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Testing Schumpeterian growth theory: the role of income inequality as a determinant of research and development expenditures (developed economies) and successful technology transfers (developing economies)

Marasco, Antonio (2005): Testing Schumpeterian growth theory: the role of income inequality as a determinant of research and development expenditures (developed economies) and successful technology transfers (developing economies).

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Abstract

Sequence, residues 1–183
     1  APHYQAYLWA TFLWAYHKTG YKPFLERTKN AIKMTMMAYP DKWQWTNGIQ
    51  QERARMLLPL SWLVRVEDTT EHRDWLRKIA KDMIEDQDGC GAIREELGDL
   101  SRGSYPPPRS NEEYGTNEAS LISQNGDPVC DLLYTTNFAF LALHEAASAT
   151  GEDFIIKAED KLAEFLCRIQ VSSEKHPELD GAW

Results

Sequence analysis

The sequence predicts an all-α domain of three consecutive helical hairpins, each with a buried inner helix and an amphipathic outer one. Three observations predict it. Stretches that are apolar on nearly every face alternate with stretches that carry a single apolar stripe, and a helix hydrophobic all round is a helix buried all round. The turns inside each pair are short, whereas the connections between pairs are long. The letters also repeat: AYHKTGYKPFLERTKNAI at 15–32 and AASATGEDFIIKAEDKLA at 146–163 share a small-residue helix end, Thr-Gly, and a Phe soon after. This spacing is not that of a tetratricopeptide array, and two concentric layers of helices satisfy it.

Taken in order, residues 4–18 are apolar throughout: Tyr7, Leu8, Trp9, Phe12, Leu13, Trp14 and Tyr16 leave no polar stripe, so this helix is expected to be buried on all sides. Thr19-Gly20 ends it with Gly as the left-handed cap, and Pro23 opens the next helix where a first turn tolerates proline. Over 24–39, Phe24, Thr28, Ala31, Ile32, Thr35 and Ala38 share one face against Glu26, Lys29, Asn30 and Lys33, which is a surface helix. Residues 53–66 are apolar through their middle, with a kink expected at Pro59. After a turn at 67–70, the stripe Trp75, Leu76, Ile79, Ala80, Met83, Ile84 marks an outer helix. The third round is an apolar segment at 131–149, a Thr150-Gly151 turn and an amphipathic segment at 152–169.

This paper tests a strand of Schumpeterian growth theory that predicts a role for income inequality as a determinant of technology-enhancing activities, in the shape of innovation in the North and of technology transfers in the South. The analysis is conducted at three different levels: by world region, by industrial sector and by country. While the analysis by world region does not produce any clear cut evidence, the analysis by sector yields some evidence that income inequality in the South may have a positive effect on research and development (RnD) expenditures in some industrial sectors located in the North, such as non electricals and pharmaceuticals. Income inequality in both world regions seems also to play a role on the amount of technology that is transferred to the developing world. The sign of the effect might be positive for some sectors and negative for others, but the overall impact is probably negative in the case of Northern income inequality and positive with respect to Southern income inequality. However, the strongest evidence came from the cross-country analysis. We found that for each of the 15 OECD countries, foreign income inequality in the countries that trade the most with them, had a positive effect on the research and development expenditure carried out in those 15 countries. Such evidence appeared robust to whether we introduced control variables or not, and to several ways of measuring the dependent variable and the independent variables concerned. The cross-country analysis also yielded some evidence of a positive effect of both domestic and foreign (mainly developed world) income inequality on the level of technology transfers to developing countries.

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